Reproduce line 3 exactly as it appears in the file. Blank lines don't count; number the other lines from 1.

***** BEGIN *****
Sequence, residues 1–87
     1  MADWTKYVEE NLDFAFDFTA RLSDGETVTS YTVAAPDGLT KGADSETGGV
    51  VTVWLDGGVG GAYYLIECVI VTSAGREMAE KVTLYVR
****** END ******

    51  VTVWLDGGVG GAYYLIECVI VTSAGREMAE KVTLYVR